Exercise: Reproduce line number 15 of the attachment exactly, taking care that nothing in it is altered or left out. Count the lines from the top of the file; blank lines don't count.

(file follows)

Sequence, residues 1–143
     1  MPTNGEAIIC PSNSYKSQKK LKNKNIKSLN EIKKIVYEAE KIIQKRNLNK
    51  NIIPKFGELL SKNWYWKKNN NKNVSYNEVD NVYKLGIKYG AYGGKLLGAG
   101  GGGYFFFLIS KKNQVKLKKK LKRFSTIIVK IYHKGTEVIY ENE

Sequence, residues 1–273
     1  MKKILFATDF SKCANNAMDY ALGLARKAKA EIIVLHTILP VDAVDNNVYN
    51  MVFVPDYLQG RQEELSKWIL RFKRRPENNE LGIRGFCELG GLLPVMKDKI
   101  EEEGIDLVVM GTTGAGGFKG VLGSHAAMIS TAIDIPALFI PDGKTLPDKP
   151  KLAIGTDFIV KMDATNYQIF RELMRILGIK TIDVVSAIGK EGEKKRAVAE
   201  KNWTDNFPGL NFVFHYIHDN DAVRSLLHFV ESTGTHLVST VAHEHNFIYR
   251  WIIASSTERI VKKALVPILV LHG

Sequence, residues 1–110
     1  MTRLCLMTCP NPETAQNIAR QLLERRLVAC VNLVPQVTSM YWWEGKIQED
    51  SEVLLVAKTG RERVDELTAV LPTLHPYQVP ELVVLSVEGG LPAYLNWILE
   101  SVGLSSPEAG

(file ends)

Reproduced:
   101  SVGLSSPEAG